God has wired human beings in such a way that we need to be exposed to a constant narration of God’s story of change, lest we adopt the story of change of the surrounding culture. We need to be discipled in how to enjoy loving relationships with God, self, others, and the rest of creation throughout our daily lives, and we need to learn to call on King Jesus and the power of His indwelling Spirit for help in doing so. The stories of change of the world have enculturated us to automatically (and often unconsciously) live in ways that are inconsistent with Christ’s kingdom. We need to be immersed in a new song and to dance a new dance, reorienting our minds, affections, wills, and bodies as we work, play, eat, and sleep.
The narration of God’s story needs to begin each week with the formal gathering of the church for its weekly worship in the restored temple. The prayers, songs, preaching, and sacraments need to tell the story of the gospel of the kingdom of God, not the false gospel of the American Dream. People need to understand that death has no more power over King Jesus or us, that we share in His resurrection life right now, and that He is restoring the entire creation to all that it was created to be. In addition to taking care of the Law’s accusations against us by nailing them to the cross (Col. 2:14), Christ has given us a new nature and a new life, we have been adopted into God’s family, and He calls and empowers us to serve as restored priest-rulers in His new creation.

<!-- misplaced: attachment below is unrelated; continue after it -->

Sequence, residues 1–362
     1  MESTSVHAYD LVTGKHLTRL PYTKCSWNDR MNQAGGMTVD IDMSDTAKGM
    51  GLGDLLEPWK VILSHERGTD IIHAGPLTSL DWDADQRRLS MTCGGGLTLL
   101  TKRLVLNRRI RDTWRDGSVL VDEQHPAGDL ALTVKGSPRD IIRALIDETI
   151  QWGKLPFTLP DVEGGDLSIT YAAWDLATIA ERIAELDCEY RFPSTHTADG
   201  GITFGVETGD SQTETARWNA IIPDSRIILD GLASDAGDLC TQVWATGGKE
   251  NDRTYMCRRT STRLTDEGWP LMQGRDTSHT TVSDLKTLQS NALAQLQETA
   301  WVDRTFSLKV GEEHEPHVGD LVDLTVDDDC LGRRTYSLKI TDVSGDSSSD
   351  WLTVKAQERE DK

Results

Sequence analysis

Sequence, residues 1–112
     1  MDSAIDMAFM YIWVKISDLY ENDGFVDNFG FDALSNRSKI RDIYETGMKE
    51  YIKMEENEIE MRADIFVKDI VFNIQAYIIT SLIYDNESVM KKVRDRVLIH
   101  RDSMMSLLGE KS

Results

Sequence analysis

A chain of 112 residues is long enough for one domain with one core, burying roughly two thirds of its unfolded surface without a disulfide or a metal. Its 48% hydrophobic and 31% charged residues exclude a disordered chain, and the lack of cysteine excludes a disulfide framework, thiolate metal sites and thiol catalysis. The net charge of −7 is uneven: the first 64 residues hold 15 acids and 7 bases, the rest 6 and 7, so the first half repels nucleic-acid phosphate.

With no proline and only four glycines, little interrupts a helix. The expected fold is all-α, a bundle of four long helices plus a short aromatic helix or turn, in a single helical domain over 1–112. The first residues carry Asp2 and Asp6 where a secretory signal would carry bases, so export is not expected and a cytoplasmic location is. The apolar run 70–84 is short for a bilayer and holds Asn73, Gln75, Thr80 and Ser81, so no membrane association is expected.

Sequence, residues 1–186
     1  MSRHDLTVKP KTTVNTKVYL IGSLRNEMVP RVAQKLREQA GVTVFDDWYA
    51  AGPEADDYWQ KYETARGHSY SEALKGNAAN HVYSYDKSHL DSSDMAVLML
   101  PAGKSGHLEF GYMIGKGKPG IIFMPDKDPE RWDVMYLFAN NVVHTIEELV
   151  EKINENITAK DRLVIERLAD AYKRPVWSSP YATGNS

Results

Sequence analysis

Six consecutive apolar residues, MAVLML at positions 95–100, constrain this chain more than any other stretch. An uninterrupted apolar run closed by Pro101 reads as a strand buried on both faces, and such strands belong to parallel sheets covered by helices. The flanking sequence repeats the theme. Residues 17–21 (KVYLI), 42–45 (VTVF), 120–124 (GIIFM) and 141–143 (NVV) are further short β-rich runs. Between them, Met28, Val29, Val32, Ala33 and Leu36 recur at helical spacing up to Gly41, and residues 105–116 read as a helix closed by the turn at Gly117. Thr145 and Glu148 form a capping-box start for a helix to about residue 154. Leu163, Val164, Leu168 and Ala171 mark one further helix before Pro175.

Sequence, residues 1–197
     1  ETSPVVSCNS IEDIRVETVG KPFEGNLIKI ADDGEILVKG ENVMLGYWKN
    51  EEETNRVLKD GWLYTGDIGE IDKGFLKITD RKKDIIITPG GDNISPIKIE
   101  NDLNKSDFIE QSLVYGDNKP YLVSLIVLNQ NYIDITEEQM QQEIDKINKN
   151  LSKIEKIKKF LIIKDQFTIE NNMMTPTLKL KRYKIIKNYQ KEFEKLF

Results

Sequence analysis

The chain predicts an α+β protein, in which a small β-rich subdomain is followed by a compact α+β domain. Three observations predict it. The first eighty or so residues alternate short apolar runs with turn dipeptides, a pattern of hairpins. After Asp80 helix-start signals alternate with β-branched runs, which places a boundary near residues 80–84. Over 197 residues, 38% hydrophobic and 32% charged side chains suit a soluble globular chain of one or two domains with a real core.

Ministry Design Principle 5: Integrate God’s story of change into technical training
One way to pursue the previous principle is to integrate God’s story of change into the technical components of the ministry. For example, most poverty alleviation efforts include some type of training: agricultural training to foster better farming practices, hygiene training to lead to better sanitation practices, jobs training to develop better work habits. There is an implicit story of change in all such training, as “better” necessarily involves notions about what the goal is and how this goal can be achieved.
Because the technical features of this training imply a goal and a way of achieving this goal, there is need for the biblical story of change to inform the technical training, pushing back against the false stories of change from the surrounding culture. Without this biblical perspective, people will tend to automatically and unconsciously default to the story of change they have absorbed from their surrounding culture. In the Majority World, this means people will combine the new agricultural techniques with traditional spiritual practices of their culture; and if the harvest ends up being bigger, the thank offerings to the gods will be bigger as well. And in the more materialistic Western world, it means that people will think that earning a higher income depends solely on their abilities and efforts; and any increases in income will be used to reinforce people’s self-centered materialism.
Time for a Challenge
God’s story of change matters, and our ministries will falter without its narration and integration. Take some time this week to think about the stories you believe and how they impact your work. Do you tend to separate economic development and poverty alleviation from the worship of God? Lean into God’s story and ask Him for wisdom in how best to reflect His truth in your ministry efforts.
Thank you for your continued support dear ones!